在索馬利蘭的牲畜市場。 Livestock market (Burco, Somaliland).
何薩姆:有些人能夠前往蘇丹或肯亞等其他國家。但對於大多數人來說,我們就困在衣索比亞和索馬利蘭的邊界,沒有任何進展。我們看到商人與貨物進進出出,咖啡被運進來,但我們困在這裡。
穆罕默德最近前往索馬利亞的邦特蘭地區,往更東邊12小時車程的距離。他離開相對安全的索馬利蘭。在前往邦特蘭的博薩索市路上,他不得不躲在小貨卡上的米袋裡。葉門人不能在索馬利蘭境內,或索馬利亞的其他地方自由行動。躲在卡車上,躲過軍警的檢查站,通常是旅行的唯一方式。
穆罕默德:這裡比索馬利蘭更危險。我聽說這個城市的某個地方發生爆炸,但我不清楚細節。很可怕。我離開索馬利蘭,是因為想去別的國家,任何國家都好。
對於何薩姆和他的家人來說,這種冒險之旅並不是個選項。
何薩姆:在索馬利蘭這裡也有很多問題。索馬利蘭與邦特蘭州之間有戰事,雙方有領土糾紛。畢竟索馬利蘭是脫離索馬利亞而獨立的一個部分,索馬利亞政府仍然宣稱它們擁有索馬利蘭的主權。
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索馬利蘭荒廢的殖民時期建築。
Abandoned colonial architecture (Saylac, Somaliland).
索馬利蘭荒廢的殖民時期建築。 Abandoned colonial architecture (Saylac, Somaliland).
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葉門教師和他自己印製的阿拉伯文轉索馬利文字典。
Yemeni teacher with a self printed Arab to Somali dictionary (Somaliland)。
葉門教師和他自己印製的阿拉伯文轉索馬利文字典。 Yemeni teacher with a self printed Arab to Somali dictionary (Somaliland)。
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索馬利葉門少女在放學的路上。
Somali- Yemeni teenager on her way back from school (Sheikh, Somaliland).
索馬利葉門少女在放學的路上。 Somali- Yemeni teenager on her way back from school (Sheikh, Somaliland).
從歷史上來看,索馬利蘭與葉門之間有密切的關聯,尤其是亞丁市。這兩地都曾受英國統治,但文化聯繫能追溯到更久之前。近代,1986~1991年的索馬利亞內戰期間,約有數十萬索馬利亞人逃往索馬利蘭,而許多人在葉門逗留多年。有些人直到最近葉門局勢惡化時才返回家鄉。
何薩姆:1990年代索馬利蘭發生戰爭的期間,很多索馬利亞人曾經來到葉門。葉門曾經收容了150萬名索馬利亞難民。但是當葉門戰事爆發時,大多數人都回歸自己的家鄉。葉門人和索馬利亞人情同手足,但他們的生活容易多了。他們把孩子送去上學不會有困難。
儘管如此,葉門難民融入索馬利蘭社會的程度很低。大多數葉門人不會說索馬利語,只有少數人能把孩子送去上學。有人企圖在文化之間建立橋梁,例如,葉門難民獨力製作了一些雙語教科書。但某些群體之間局勢緊張,甚至是不同葉門難民族群之間也有緊張關係。
何薩姆:葉門的任何地方都不安全。這裡可能是安全的,但留在這裡沒有未來。例如,我來自北部地區的沙那,因此我不能住在亞丁。由於戰爭造成的仇​​恨,亞丁和南方的人不信任我們。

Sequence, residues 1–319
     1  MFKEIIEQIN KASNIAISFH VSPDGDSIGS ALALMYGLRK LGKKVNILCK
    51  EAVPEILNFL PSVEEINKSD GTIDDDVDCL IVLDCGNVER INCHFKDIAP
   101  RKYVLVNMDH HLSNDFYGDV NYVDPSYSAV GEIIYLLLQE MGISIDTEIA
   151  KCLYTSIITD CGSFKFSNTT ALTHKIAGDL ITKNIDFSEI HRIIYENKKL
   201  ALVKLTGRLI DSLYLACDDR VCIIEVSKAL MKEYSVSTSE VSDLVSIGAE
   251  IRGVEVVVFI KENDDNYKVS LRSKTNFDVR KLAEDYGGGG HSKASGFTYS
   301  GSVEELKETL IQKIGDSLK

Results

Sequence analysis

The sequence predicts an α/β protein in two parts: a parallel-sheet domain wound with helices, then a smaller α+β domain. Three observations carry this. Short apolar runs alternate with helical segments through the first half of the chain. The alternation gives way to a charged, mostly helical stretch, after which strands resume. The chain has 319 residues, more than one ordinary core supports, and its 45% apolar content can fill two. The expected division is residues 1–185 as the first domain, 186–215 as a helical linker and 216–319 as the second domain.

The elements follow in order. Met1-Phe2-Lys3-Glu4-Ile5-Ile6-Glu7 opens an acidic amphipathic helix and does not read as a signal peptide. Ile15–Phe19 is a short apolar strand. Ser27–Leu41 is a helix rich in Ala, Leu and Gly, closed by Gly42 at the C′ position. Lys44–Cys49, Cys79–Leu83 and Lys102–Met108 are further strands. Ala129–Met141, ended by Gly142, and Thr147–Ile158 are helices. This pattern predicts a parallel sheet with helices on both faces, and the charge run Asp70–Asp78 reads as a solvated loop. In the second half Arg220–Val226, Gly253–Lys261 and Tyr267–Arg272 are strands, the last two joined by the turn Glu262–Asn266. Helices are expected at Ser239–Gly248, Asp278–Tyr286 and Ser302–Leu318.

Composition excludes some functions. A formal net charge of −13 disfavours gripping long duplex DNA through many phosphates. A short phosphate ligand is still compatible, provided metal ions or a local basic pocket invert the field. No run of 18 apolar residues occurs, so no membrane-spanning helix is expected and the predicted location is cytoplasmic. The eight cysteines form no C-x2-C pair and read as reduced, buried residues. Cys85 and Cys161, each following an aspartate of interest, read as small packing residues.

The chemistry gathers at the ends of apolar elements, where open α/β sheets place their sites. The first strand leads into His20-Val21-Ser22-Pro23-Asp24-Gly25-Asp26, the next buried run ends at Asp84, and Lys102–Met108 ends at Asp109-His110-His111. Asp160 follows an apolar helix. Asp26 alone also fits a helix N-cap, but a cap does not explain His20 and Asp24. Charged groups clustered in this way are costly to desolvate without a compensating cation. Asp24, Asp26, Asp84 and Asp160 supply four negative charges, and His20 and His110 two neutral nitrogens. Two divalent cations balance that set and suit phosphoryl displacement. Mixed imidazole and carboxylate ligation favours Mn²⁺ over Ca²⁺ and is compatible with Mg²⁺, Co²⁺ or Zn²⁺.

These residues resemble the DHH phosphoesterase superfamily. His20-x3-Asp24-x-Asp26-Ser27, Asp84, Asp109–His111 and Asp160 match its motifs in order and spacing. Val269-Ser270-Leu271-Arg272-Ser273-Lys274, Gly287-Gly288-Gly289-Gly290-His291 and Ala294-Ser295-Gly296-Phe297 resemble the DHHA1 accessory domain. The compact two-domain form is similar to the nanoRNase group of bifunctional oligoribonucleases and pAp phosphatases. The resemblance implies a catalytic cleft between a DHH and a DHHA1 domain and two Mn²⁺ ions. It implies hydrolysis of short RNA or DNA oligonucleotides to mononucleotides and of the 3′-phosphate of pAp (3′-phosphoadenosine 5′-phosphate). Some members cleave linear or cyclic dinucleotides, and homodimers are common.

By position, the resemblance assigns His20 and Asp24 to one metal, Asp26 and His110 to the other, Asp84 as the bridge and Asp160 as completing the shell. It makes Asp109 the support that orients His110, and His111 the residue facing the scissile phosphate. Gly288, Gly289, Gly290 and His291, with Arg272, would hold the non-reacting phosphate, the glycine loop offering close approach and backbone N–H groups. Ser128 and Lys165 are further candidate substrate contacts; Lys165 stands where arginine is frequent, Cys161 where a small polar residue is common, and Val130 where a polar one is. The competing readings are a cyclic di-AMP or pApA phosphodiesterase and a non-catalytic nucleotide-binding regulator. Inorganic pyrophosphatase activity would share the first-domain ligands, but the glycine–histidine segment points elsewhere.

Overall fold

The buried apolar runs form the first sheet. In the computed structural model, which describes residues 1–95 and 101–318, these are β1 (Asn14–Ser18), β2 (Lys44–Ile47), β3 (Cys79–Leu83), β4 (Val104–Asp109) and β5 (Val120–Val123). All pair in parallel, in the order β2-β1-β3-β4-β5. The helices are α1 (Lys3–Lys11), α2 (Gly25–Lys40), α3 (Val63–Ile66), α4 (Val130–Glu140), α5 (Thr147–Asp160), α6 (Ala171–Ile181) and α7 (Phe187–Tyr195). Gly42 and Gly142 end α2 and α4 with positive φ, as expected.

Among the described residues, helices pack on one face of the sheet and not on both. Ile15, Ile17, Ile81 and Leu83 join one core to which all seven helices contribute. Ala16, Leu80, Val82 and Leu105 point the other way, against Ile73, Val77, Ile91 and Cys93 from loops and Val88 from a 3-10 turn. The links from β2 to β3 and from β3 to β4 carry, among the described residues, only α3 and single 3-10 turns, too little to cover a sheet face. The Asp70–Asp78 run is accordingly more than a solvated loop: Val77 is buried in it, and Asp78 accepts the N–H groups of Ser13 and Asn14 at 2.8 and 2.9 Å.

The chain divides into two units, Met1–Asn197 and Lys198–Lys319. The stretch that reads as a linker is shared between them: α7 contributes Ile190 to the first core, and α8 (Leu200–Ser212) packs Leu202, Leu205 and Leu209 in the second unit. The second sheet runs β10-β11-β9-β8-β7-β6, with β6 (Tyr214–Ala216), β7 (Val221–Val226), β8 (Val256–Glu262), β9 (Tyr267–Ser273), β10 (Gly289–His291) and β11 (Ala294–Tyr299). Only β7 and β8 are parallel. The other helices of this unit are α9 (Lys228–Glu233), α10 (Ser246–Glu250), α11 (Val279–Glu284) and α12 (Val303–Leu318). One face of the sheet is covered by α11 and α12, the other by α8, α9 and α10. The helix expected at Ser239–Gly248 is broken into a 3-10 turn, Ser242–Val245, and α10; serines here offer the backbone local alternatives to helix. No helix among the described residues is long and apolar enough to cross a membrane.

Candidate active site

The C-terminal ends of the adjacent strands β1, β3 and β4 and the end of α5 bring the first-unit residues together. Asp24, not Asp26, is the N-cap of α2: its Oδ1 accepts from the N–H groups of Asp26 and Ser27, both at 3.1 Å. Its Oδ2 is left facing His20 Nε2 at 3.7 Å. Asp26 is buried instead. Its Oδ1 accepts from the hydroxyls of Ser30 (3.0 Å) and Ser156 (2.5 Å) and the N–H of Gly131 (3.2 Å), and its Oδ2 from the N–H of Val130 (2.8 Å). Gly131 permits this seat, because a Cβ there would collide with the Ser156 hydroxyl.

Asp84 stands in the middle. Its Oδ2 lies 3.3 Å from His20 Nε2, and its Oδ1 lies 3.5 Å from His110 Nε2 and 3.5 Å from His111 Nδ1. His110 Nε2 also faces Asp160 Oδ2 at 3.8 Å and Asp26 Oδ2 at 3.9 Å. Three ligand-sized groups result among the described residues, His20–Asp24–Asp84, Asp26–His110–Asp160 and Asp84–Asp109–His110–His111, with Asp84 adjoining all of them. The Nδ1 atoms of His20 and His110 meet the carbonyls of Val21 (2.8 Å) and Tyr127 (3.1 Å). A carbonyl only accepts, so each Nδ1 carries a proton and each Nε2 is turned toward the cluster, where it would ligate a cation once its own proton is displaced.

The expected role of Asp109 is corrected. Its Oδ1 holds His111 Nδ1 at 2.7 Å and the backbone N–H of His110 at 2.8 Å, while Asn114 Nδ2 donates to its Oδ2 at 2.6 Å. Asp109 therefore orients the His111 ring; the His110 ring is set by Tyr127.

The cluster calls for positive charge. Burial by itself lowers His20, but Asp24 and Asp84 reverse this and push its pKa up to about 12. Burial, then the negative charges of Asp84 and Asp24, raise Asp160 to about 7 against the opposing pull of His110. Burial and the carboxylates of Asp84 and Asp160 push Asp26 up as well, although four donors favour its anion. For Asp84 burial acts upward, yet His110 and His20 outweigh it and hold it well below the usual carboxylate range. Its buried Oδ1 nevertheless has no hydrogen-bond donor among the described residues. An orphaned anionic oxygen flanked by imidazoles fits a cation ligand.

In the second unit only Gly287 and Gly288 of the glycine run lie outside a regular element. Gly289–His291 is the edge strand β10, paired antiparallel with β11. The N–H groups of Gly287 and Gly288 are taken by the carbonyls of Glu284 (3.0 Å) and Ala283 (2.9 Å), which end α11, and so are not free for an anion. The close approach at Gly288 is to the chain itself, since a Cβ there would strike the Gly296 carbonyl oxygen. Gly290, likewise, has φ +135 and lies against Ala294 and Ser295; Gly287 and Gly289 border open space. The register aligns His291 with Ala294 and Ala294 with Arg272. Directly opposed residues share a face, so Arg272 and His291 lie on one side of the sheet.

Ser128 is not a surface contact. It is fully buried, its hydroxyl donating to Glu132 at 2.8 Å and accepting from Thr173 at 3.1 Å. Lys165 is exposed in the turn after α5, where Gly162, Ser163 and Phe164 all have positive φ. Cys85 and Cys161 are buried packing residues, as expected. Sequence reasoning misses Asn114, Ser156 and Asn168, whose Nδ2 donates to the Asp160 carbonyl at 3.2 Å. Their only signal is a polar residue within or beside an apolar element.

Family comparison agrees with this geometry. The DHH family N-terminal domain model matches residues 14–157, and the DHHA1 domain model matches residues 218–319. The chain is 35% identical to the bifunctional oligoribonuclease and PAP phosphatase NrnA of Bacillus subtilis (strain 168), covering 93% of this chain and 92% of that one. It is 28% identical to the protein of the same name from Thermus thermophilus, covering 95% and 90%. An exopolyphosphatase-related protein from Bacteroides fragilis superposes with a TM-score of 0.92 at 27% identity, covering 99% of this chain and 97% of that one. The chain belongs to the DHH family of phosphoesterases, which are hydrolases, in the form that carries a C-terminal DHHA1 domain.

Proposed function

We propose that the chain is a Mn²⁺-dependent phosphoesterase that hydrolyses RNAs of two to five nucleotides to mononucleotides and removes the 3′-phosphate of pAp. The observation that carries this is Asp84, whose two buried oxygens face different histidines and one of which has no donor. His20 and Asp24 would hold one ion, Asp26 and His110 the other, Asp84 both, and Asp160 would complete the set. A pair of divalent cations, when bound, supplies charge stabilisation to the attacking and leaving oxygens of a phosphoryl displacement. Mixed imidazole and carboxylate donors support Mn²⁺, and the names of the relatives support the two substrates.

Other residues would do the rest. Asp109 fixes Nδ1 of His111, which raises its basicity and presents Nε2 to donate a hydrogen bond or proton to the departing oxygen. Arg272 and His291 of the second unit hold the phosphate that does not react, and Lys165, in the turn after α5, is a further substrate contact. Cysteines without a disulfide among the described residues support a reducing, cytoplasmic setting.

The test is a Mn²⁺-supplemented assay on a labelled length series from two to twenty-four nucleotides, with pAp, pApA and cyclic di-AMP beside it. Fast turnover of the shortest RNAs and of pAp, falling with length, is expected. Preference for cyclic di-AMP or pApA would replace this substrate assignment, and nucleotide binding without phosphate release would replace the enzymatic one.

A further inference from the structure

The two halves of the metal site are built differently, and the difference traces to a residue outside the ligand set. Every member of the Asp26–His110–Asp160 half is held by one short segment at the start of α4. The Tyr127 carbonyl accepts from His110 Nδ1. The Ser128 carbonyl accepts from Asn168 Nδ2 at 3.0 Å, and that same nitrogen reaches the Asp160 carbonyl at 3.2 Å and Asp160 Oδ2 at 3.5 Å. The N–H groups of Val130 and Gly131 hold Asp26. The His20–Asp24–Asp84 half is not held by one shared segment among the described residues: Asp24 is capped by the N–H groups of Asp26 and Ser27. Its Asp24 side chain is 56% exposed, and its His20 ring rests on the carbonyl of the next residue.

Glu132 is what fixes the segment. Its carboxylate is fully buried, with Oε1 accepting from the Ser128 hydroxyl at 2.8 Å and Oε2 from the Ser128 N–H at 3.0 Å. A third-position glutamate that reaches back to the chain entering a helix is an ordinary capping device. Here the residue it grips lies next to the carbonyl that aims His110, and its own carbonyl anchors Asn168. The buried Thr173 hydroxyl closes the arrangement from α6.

穆罕默德:我的國家曾經是一和平的國家,但是現在的情勢非常艱難。葉門有許多不同族群、文化和語言。它在阿拉伯世界很特殊。事實上,我個人能夠和我的國家裡的每一個人、每一種人共存。對所有葉門人來說,這就是葉門這個國家曾經的意義。
穆罕默德將盡其所能,盡快離開索馬利蘭、索馬利亞或非洲之角地區的任何地方。
穆罕默德:我有時會找到工作,很多都是非常累人的工作,但仍然負擔不起教育費用、甚至是生活必需事項。我已經待在索馬利亞兩年了。我決定掌握自己的未來。我計劃離開這個國家,也許前往南亞的某個地方。我可能可以去尼泊爾或印度。我希望在那裡生活會容易一點,希望能在那裡受教育。
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葉門難民在臨時廚房中工作。
Yemeni refugee working in a makeshift kitchen (Sheikh).
葉門難民在臨時廚房中工作。 Yemeni refugee working in a makeshift kitchen (Sheikh).
索馬利蘭並未提供讓難民在新國家、開始新生活的環境。雖然有許多在索馬利亞內戰中遭到遺棄的地方從未被重建,但索馬利蘭卻設法建立了一個民主政權,並為其人民提供安全保障。儘管經濟上面臨困難,但對於這個地處世界上最艱困、經濟上處於不利條件的地區,且沒有得到任何政府認可的國家來說,這是一項偉大的成就。對於葉門難民來說,它提供了些許安全,雖然他們未來的前景依然渺茫。
Since 2011, Hundreds of Thousands of people have died in armed conflicts in the Middle East, involving local governments and regular troops, international actors, rebel groups, and terrorist groups such as ISIS and Al-Qaeda. Many millions more have been displaced. Syrian refugees are the face of a multitude of conflicts and of the fate of civilian populations in war zones. The influx of Syrian refugees has changed the political landscape of Europe, which has been noticed around the world and as far away as in Taiwan.
While Syria is on everyone's map of the big contemporary tragedies of mankind, the war in Yemen is mostly faceless. Since the start of the war in 2014 Yemeni refugees simply don't have anywhere to go where their faces could be seen. The country is locked between some of the most hostile deserts in the world and next to Saudi Arabia, which directly involved in the armed conflict. The presence of Al-Qaeda and ISIS in the region is making a safe passage by land almost impossible.
In 2014 rebels from the northern part of Yemen, the “Houthis”, started an uprising in cities all over the country, they soon defeated the government of Adbrabbuh Mansur Hadi and since have controlled major cities and areas, mostly in the North of Yemen. The forces of the old government gathered in the South and with the help of air strikes by a foreign coalition led by Saudi Arabia, started fighting back the Houthis. In 2018, the war is still at a stalemate, and and a multitute of foreign actors, from Saudi Arabia and the USA to Iran are more or less officially involved.